Total returns are expected to be -2.6% over the next five years, the lowest projected return on this list.
No. 7: Pfizer Inc. (PFE)
Dividend Yield: 4.0%
Percentage of OUSA Portfolio: 3.42%
Pfizer Inc. is a global pharmaceutical company that focuses on prescription drugs and vaccines. It is a mega-cap stock with a market cap of $215 billion. You can see our complete list of mega-cap stocks here.
Pfizer’s new CEO completed a series of transactions in 2019 significantly altering the company structure and strategy. Pfizer formed the GSK Consumer Healthcare Joint Venture with GlaxoSmithKline plc (GSK), which will include Pfizer’s over-the-counter business. Pfizer owns 32% of the JV.
Pfizer also completed a $11 billion deal acquiring ArrayBioPharma. The spinoff of the Upjohn segment was announced as well. Pfizer’s top products include Eliquis, Ibrance, Prevnar 13, Enbrel (international), Chantix, Sutent, Xtandi, Vyndaqel, Inlyta,and Xeljanz. The company had revenue of $51.8 billion in 2019.
In the 2020 third quarter, revenue declined 4% while adjusted earnings-per-share declined 3%. Biopharma revenue increased 4% operationally last quarter.
Source: Investor Presentation
Pfizer’s current product line is expected to produce top line and bottom line growth out to 2025 as a result of acquisitions and R&D investmnets. Currently, Eliquis (cardiovascular), Ibrance (oncology) and Xlejanz (rheumatoid artacritis) are all posting robust sales growth. New launches of Vyndaqel and Inlyta are growing rapidly as well.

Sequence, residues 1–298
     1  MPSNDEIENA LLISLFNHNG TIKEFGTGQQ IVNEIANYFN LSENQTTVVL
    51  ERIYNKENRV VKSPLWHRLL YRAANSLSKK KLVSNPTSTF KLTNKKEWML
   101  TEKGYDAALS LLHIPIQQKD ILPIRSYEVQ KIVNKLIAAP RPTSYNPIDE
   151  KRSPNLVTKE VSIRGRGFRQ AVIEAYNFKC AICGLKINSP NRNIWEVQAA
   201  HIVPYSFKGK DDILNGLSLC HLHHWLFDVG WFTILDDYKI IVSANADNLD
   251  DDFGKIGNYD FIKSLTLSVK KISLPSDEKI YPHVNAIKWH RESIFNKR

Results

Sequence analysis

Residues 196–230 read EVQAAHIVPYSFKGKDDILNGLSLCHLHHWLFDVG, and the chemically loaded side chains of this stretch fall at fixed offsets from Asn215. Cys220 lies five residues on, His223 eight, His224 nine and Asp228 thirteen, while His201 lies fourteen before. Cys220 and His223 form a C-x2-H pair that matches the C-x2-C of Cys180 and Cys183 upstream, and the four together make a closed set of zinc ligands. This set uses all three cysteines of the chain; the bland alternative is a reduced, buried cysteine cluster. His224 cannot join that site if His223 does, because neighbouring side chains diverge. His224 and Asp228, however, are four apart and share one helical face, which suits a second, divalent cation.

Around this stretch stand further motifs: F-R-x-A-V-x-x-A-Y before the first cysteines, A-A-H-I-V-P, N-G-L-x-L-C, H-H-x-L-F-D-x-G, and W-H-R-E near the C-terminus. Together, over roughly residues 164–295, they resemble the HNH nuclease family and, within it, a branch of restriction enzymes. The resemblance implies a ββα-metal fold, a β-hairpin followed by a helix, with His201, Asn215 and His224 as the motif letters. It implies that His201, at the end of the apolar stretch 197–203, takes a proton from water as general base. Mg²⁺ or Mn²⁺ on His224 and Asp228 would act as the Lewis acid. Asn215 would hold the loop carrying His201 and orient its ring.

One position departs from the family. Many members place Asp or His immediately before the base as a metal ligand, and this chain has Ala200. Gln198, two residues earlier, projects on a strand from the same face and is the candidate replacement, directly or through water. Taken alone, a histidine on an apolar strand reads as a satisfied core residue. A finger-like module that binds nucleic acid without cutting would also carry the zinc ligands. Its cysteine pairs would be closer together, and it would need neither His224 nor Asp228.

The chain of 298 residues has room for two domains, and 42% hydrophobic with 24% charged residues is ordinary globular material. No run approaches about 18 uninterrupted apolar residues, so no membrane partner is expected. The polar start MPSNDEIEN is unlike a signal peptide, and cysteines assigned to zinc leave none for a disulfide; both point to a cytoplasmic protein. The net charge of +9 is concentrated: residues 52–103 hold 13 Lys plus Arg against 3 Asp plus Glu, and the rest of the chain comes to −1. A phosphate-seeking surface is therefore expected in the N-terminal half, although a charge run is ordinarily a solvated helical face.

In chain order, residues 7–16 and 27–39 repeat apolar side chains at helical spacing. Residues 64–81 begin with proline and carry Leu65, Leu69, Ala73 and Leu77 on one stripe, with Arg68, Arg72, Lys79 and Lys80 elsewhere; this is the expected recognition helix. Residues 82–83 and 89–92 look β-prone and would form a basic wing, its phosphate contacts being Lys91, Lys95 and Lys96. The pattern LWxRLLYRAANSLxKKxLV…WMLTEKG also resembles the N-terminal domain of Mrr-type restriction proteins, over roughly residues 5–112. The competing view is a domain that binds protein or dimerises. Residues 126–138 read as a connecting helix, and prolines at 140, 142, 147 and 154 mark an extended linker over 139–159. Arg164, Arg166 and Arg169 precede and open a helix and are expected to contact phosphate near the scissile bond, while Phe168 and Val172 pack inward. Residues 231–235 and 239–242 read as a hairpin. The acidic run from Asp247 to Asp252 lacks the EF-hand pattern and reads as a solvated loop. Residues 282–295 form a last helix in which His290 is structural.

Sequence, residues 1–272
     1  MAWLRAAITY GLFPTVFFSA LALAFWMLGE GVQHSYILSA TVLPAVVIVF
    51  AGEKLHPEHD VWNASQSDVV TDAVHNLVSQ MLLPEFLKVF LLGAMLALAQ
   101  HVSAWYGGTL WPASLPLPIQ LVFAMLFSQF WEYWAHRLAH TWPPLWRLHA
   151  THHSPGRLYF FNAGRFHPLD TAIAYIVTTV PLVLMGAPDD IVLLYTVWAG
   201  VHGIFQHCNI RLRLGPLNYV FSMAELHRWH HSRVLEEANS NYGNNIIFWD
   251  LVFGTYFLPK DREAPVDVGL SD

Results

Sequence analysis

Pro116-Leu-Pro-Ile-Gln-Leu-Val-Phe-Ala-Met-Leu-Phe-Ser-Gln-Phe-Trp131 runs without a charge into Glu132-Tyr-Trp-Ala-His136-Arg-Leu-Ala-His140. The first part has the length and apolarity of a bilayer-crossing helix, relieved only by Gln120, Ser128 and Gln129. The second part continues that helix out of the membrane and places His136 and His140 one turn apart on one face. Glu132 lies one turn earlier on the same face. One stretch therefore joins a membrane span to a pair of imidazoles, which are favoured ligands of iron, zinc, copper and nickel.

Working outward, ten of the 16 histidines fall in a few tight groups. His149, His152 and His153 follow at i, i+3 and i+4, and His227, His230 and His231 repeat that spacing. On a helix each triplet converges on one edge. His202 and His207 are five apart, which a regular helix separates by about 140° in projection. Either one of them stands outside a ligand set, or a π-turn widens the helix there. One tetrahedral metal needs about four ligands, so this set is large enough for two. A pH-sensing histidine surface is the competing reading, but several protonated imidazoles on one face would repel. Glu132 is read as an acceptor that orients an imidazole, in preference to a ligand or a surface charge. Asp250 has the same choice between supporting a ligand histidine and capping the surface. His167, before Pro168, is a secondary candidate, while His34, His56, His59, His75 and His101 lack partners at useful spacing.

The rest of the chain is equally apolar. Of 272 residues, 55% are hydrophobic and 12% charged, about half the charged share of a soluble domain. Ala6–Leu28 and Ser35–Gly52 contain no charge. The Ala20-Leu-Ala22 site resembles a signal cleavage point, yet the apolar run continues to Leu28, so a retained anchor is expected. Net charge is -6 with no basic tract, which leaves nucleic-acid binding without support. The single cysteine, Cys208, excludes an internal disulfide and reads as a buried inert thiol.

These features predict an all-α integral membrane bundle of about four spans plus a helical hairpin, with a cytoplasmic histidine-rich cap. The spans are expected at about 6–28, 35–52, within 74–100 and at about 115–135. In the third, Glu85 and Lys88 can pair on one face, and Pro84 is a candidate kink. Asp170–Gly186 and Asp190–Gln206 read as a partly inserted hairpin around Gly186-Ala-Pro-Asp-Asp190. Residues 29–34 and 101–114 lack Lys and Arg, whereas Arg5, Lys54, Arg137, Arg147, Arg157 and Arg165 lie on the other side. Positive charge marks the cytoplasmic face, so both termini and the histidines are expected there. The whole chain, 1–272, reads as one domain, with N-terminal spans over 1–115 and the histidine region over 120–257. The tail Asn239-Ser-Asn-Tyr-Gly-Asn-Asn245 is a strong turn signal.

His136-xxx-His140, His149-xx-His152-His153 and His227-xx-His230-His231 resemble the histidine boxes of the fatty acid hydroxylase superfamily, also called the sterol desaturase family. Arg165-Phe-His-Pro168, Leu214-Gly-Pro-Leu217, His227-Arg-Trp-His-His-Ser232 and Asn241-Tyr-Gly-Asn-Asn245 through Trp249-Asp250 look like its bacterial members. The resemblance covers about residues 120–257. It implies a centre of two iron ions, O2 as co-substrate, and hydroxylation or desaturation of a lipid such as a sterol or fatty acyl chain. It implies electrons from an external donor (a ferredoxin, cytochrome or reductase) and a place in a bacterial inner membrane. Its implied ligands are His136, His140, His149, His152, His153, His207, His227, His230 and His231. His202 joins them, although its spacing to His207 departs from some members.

Growth will come from increasing U.S. and international sales for approved indications and extensions. On the other hand, growth is offset by patent expirations and also competition for Enbrel and Prevnar 13. Going forward Pfizer has a strong pipeline in oncology, inflammation & immunology, and rare diseases. We are expecting 6% EPS growth each year.
Pfizer also pays a solid 4.0% dividend. In all, we expect 13.6% annual returns over the next five years, making Pfizer an attractive dividend stock to buy now.
No. 6: Verizon Communications (VZ)
Dividend Yield: 4.2%
Percentage of OUSA Portfolio: 4.12%
Verizon is a telecommunications giant. Wireless contributes three-quarters of all revenues, and broadband and cable services account for about a quarter of sales. The company’s network covers ~300 million people and 98% of the U.S. Verizon has now launched 5G Ultra-Wide band in several cities as it continues its rollout of 5G service. Verizon was the first of the major carriers to turn on 5G service.